Common mistakes seen when reviewing 20+ business websites
I recently did some public website reviews to help folks out with professional feedback on their site, and to get some business intelligence. You can find out more on why I did the reviews below, as well as a breakdown of the sites by business type (product/service), target market (B2C vs B2B), and technology (CMS platform) – that’s at the bottom of the post.
7 Critical Website Mistakes
No. 1: Does The Site Have a Compelling Email Opt-in?
While all of the sites reviewed had an email opt-in somewhere, not one of them had a compelling incentive to have visitors opt-in. [Learn more about why you should ask for their email address]
In general, email newsletters are not a good opt-in incentive, that’s just not compelling enough:
“Sign up for our newsletter” is code for “We know you get loads of email, but if you subscribe here we’ll fill your inbox with even more email you don’t want to read”.
You could test using a discount coupon – but save your profit margin, you can do better than that!
- Offer the visitor something that solves a problem they have, ideally directly related to your business. “Free Guide to XYZ”: guides, checklists and cheat-sheets are great.
- They must actually provide genuine value, but they don’t have to be very long – in fact it’s better if they’re quick to consume.
- Then start offering them valuable advice and building your credibility with them through their inbox via your autoresponder sequence. (I’ll show you how to do this in an upcoming blog post – stay tuned.)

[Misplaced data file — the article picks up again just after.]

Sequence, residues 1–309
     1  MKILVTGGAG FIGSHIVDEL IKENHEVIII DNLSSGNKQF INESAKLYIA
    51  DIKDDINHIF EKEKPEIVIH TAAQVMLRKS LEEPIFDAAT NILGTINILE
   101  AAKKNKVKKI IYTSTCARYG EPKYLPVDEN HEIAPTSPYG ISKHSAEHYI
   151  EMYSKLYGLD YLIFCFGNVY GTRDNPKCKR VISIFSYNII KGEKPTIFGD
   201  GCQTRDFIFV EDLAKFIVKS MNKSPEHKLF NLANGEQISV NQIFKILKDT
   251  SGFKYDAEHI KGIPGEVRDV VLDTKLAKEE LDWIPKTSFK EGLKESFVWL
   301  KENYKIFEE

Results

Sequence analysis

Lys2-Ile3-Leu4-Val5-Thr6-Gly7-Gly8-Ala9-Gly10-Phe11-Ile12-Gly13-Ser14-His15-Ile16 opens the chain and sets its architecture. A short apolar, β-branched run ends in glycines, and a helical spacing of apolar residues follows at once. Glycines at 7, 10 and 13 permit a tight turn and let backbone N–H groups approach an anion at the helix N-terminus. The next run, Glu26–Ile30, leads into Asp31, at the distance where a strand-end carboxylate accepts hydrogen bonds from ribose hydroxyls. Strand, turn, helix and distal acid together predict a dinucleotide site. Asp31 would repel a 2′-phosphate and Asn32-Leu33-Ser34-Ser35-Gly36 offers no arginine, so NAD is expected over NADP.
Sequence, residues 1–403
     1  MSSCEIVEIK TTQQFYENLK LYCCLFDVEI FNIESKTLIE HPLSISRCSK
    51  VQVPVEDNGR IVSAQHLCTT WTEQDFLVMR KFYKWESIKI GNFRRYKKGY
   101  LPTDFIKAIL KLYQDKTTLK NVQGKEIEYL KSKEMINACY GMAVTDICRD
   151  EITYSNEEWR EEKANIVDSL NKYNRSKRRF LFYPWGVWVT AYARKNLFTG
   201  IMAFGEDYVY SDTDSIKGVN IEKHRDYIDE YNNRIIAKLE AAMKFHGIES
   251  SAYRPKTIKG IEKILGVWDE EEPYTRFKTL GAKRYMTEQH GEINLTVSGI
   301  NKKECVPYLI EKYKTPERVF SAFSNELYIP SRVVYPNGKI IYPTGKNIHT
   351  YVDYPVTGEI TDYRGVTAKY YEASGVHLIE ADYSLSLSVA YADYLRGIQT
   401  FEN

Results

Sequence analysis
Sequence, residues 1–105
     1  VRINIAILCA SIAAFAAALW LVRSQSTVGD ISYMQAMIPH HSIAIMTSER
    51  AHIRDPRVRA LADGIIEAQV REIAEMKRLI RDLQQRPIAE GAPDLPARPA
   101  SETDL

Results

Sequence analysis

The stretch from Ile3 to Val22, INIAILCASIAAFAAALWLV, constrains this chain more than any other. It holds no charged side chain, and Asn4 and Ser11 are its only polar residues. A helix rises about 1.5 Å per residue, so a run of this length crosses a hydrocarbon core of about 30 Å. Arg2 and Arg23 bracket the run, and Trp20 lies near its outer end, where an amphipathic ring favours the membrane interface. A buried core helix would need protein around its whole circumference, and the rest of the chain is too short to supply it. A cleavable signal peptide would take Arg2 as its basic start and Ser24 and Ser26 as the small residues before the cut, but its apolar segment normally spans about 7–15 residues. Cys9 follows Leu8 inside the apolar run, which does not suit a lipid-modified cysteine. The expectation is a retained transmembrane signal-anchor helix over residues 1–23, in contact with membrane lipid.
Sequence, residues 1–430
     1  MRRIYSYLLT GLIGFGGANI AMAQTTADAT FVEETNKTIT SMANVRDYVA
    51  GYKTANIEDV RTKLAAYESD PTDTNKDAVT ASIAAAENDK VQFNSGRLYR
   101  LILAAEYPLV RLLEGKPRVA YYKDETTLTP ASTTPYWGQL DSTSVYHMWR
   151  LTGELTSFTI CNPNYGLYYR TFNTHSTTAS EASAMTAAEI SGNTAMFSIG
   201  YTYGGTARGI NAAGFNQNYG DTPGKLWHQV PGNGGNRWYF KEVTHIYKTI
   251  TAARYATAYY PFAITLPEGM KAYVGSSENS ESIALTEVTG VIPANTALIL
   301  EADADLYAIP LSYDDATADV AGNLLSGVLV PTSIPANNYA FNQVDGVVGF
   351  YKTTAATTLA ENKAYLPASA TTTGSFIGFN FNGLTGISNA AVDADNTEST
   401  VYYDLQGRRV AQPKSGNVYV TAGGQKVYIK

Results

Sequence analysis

No. 2: Does The Site Have a Clear, Obvious Purpose and Visitor Benefits?
The first thing visitors look for is something to let them know they’re in the right place. Usually this a clear statement of purpose, or visitor benefits.
“What’s In It For Me?”
Of the review group, 30% made the website purpose very obvious and clear via a tagline or headline what the site was about. 25% less so, and a whole 45% of the sites didn’t make it clear at all.
- Have a tagline or headline front and center so that visitors know what they’re looking at.
- Read “Don’t Make Me Think” by Steve Krug to get a better understanding of what website visitors are looking for.
No. 3: Does The Site Have a Strong, Clear Call-to-Action?
After a clear purpose, the next thing to look for is the Call-to-Action. What action should I take? What does the site owner want people to do? Around 1/3rd of the sites did this well, with a strong, clear call to action (CTA), e.g. Book Now, Add to Cart, Contact Us, that stood out from the page content and told me what to do next. 25% had a weak call to action and 40% had none at all.
Recommendation: ensure every page on your site has at least one clear, strong call to action that stands out visually from the rest of the page content.
No. 4: Does The Site Have a Quality “About” Page?
The About Page is the 2nd most visited page on a website – after the homepage – and crucial in building trust with a potential customer.
Only 10% of the sites reviewed had a good About page that included photos of the business owners/staff, names and a bit of background. The rest had far less, usually just a block of generic text that could be copied and pasted onto a competitor’s site.
You’re asking people to trust you with their hard earned cash, so you have to include more information than that.
- Include details of why you want to serve your particular customers and what you do for them
- Include the business owner and staff photos
- Include your street address and photos of the business location if possible
No. 5: Does The Site Load Quickly?
The slowest sites were WordPress based, probably due to lack of caching, the fastest were Shopify and one of the custom builds.
- If you use WordPress, enable caching.
- Reduce your image sizes
- Move to a better hosting company.